- Google trends data shows that Hodlonaut’s tweets about Craig Wright did not negatively impact his reputation online
- Wright sued Hodlonaut in 2019, claiming that tweets about Wright being a fraud damaged his reputation in the UK
- It seems however that the person who drew the most attention to the negative material was Wright himself
Hodlonaut’s tweets that Craig Wright was not Satoshi Nakamoto, which led to him being sued by the BSV creator in 2019, did not damage Wright’s reputation in the UK, according to Google trends data. Hodlonaut was sued for libel in the wake of the tweets, just one victim of Wright’s lawsuit spree aimed at having a judge confirm that he is Satoshi Nakamoto, but analysis from Twitter user BTCKershi shows that Wright’s reputation in the UK suffered no reputational damage in the UK as the claim suggests.
Tweets by @hodlonaut did not damage Craig Wright’s reputation, and data from Google Trends proves it.
UK libel law is broken. It is shocking things have got this far. It should be obvious to everyone Wright’s lawsuit against hodlonaut is unjustified.https://t.co/5mvdvxTOay
— BTCKershi⚡️∞/21m (@btckershi) September 16, 2021
Negative Searches Did Not Spike After Hodlonaut Tweets
In the lawsuit, served in March 2019, Wright claimed to enjoy a global reputation that suffered damage due to Hodlonaut’s tweets. BTCKershi sought to find online evidence of this reputational damage, assuming that, “If this claim were the case, then there would presumably be online evidence of this negative public attention in the use of relevant terms on internet search engines.”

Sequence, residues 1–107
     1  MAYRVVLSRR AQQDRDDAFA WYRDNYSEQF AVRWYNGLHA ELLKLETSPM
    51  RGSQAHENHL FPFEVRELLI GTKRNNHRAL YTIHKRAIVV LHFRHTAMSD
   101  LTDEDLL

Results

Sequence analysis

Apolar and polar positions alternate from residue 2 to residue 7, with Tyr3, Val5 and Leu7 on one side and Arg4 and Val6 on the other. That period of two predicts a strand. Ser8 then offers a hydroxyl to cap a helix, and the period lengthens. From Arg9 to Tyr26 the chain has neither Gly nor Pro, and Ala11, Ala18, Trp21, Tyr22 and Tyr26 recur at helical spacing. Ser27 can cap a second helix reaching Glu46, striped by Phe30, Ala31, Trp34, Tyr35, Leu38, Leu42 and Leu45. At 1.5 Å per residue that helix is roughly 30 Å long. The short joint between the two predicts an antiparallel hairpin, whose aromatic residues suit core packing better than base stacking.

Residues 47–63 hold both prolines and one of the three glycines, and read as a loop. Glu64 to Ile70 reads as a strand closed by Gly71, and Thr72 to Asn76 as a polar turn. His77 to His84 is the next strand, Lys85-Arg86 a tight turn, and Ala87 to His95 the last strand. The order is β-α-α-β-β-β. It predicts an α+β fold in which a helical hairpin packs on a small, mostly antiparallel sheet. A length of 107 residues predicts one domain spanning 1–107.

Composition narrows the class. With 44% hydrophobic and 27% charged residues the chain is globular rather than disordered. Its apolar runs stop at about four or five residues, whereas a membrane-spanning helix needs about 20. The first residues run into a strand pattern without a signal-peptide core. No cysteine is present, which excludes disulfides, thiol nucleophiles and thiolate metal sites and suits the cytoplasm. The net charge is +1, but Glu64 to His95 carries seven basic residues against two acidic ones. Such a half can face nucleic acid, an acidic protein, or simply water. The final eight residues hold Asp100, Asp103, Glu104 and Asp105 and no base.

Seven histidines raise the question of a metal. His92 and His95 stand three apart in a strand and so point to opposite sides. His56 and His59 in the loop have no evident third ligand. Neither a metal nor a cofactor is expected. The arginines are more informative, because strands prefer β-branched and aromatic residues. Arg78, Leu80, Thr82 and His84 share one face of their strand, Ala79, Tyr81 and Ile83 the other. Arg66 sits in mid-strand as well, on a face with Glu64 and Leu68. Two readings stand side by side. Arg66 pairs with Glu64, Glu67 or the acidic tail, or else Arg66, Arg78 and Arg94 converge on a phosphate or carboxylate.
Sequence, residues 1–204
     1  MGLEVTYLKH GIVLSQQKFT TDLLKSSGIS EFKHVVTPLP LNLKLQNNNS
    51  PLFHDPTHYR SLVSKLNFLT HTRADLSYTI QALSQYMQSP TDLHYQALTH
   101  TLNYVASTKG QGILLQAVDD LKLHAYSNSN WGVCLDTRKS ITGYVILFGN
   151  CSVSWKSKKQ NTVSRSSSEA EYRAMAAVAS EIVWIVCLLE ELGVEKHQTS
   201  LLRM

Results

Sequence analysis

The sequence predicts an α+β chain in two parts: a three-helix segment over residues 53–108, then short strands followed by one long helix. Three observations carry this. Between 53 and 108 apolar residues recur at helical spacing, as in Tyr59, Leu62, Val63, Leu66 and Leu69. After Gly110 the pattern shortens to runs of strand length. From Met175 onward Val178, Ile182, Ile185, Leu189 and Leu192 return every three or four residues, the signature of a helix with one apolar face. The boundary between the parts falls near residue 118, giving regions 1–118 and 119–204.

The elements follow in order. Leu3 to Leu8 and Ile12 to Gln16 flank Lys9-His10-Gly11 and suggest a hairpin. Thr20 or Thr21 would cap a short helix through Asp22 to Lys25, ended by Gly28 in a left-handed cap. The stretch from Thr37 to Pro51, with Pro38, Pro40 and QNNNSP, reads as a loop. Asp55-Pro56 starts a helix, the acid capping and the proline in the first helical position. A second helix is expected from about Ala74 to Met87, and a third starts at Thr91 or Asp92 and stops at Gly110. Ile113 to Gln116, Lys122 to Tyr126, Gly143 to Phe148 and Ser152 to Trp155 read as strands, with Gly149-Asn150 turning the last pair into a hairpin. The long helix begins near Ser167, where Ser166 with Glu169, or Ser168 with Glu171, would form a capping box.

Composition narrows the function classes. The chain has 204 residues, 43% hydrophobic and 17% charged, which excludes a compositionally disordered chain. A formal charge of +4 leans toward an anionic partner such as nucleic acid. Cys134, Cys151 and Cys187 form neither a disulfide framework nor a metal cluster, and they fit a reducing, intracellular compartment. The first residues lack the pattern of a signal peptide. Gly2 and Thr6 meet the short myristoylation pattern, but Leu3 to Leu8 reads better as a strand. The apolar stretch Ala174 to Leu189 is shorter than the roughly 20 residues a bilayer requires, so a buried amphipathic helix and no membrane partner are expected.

BTCKershi used Google Trends as his tool of choice, using studies on its efficacy to back up his methodology. He assumed that in the wake of the tweets there would have been more Google searches for Wright with negative terminology, such as the use of the word ‘fraud’ and ‘fake’ and searches for Wright’s name that had negative connotations.
BTCKershi found that Hodlonauts tweets had no impact at all on Wright’s reputation as far as Google went, with the biggest spikes in negativity during weeks following them coming when Vitalik Buterin called him out (Wright sued him, Vitalik ignored it, and Wright let it lapse) and from Wright himself when he said he remembered reading something in the Bitcoin whitepaper before hastily adding “probably when I wrote it”.
Wright the Master of His Own Downfall
In an interesting twist, BTCKershi’s research discovered that the person who drew the most attention to the negative material was…Craig Wright. If it hadn’t been for Wright drawing attention to the tweets, it seemed they would have just sunk into the Twitter swamp with all the other claims of him being a fraud. But then, that wouldn’t serve his purpose of forcing a judge to anoint him as Satoshi Nakamoto.